March is the month of False Spring. We get a few days of warm sunshine and decide that Spring has sprung and we start growing things outside.
Whilst days are getting noticeably longer, it's still way too cold to be sowing seeds or planting seedlings outdoors. So we need to do all our seed-sowing indoors.
Here are a few ideas for veggies you can get started indoors in March:
Chillies and Aubergines
Two things must ye know about growing Chillies and Aubergines: the seeds need heat to germinate and they take a long time to get from seed to produce fruit. So you've got to start them early. If you haven't got a propagator to give your seeds the warmth they need, you can cover your seed tray in cling film or place in a plastic bag and leave on a sunny windowsill.
They need heat to get going, like the chaps above, but you'll see results quicker. Try a few different varieties, if you have the space.
Cool Weather Salad Leaves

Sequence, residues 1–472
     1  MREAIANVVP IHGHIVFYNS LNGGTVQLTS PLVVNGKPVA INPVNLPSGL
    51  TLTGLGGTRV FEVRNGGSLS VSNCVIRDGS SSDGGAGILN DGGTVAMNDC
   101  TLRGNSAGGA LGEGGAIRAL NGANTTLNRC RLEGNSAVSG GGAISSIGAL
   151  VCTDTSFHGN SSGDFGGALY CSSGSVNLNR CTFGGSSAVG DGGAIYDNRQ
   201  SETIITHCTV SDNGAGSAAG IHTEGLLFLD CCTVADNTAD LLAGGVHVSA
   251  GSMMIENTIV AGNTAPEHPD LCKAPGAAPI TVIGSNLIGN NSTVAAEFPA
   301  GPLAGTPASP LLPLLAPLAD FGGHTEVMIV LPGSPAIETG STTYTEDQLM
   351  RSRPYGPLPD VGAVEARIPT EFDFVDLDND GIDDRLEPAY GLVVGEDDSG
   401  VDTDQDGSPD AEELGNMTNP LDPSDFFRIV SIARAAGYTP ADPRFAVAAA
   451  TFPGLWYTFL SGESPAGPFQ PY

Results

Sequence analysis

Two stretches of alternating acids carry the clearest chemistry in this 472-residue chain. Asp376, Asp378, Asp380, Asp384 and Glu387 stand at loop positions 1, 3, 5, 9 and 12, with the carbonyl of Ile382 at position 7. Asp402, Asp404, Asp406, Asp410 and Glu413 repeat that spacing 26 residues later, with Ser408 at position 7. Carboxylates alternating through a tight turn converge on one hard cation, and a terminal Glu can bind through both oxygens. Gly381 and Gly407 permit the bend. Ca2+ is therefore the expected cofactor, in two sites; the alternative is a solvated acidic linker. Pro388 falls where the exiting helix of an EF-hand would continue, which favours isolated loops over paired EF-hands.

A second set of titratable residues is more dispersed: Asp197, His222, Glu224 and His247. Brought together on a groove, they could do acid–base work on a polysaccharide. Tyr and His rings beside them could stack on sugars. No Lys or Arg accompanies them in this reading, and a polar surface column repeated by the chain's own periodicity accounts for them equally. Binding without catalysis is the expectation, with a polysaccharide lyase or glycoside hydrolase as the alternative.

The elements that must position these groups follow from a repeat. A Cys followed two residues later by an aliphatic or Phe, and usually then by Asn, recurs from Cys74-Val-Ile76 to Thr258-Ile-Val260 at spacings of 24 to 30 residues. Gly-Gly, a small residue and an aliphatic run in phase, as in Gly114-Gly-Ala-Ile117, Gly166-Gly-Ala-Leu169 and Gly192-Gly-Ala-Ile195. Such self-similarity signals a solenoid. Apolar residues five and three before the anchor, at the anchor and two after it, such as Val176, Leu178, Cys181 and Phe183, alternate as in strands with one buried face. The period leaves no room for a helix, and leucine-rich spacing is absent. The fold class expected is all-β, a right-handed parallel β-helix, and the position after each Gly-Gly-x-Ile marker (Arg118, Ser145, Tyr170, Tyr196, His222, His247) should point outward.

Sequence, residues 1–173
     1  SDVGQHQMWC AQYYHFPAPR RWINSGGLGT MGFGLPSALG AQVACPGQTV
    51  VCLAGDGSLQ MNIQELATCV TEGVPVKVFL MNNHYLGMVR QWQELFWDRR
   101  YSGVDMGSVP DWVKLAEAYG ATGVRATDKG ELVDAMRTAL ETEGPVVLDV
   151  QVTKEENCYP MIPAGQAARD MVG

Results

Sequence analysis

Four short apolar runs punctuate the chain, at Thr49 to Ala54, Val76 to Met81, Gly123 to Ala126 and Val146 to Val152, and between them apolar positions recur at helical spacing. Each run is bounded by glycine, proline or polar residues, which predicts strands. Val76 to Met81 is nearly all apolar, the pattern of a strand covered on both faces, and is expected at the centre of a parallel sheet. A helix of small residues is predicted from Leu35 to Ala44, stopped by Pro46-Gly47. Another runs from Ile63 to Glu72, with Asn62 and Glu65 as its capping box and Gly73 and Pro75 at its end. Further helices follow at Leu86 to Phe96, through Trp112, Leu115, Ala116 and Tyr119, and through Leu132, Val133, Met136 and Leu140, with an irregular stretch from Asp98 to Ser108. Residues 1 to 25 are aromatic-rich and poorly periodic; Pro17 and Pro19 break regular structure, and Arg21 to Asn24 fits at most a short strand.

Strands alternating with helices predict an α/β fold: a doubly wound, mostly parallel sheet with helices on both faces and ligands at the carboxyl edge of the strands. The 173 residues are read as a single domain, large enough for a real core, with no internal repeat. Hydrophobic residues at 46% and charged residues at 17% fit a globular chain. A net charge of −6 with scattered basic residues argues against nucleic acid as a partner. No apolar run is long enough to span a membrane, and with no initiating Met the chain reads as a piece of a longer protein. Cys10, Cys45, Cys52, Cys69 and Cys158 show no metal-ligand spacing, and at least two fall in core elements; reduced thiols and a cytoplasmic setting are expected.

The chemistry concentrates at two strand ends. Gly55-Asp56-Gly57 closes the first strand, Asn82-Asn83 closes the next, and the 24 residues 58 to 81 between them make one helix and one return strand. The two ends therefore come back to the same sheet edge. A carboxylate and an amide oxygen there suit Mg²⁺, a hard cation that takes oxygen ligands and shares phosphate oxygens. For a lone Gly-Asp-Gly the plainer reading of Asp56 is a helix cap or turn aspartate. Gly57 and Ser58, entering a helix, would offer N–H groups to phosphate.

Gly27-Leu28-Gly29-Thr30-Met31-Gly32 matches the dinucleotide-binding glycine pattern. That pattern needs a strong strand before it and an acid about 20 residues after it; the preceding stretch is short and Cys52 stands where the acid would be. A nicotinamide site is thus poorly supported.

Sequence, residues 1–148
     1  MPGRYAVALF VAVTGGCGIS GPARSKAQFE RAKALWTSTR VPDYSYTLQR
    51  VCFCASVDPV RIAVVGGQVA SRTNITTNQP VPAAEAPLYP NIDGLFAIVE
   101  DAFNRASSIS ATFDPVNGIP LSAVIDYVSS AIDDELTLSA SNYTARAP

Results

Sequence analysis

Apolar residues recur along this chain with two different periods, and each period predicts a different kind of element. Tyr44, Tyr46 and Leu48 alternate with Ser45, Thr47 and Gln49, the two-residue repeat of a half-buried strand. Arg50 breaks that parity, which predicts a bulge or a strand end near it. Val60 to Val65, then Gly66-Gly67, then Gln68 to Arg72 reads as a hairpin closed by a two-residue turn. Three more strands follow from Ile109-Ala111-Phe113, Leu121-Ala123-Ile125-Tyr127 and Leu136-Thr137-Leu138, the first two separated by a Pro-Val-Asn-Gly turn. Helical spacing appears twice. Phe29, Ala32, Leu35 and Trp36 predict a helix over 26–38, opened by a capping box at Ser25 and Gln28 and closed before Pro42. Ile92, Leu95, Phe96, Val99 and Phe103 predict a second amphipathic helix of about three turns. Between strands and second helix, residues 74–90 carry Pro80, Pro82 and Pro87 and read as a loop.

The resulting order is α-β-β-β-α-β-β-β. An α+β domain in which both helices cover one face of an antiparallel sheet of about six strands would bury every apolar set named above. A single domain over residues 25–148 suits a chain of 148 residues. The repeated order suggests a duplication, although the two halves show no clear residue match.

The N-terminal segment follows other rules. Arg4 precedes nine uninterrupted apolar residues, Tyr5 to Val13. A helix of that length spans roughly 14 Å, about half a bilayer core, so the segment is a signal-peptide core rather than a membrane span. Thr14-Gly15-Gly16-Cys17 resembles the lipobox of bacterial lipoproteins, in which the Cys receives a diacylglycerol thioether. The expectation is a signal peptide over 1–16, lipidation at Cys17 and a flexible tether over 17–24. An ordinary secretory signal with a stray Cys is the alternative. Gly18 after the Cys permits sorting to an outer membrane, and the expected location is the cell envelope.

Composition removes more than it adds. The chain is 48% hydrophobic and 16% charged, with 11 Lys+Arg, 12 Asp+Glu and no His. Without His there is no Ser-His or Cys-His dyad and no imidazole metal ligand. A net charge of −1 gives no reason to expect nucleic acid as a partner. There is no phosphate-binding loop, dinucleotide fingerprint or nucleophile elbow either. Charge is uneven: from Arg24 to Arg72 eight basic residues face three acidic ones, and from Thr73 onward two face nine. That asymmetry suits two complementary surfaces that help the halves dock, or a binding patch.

Leaves such as Mizuna, Mibuna, Mustard and Rocket love cooler temeratures and often go to seed quickly when the weather heats up. So these are perfect for sowing in early Spring and Autumn.
Love love love this veggie! It's so versatile: use young leaves to add to salads, shred some mature leaves into stir frys, or steam the whole thing to use as a side dish.
Seeds don't need heat to germinate, so you can leave your seed tray uncovered on a windowsill.
So easy to grow from seed and you get arguably bigger bulbs than growing from sets. Try a mixture of red, white and spring onion - and keep sowing all year, so you've always got a supply of onions coming! Sow a few seeds in each module of a tray and transplant outdoors when they are big enough to handle.
It's kind of a super-food, isn't it? Packed full of vitamins and minerals, and so easy to grow. You can grow regular curly Kale, or try Cavolo Nero, to add a bit of a statement plant to your garden - they look amazing! Very cold-tolerant and can be kept going all year.
You can sow Beetroot seeds direct into the soil, once it has warmed up towards the end of April, but why not get some started now in pots or trays? They'll need to live indoors for a month or so, but you'll soon be able to transplant outdoors.
Growing vegetables at home is really not too complicated if you follow a few rules. Most importantly: be patient! Some seeds can take 3-4 weeks to germinate, so don't feel like a failure if your seedlings don't spring up immediately.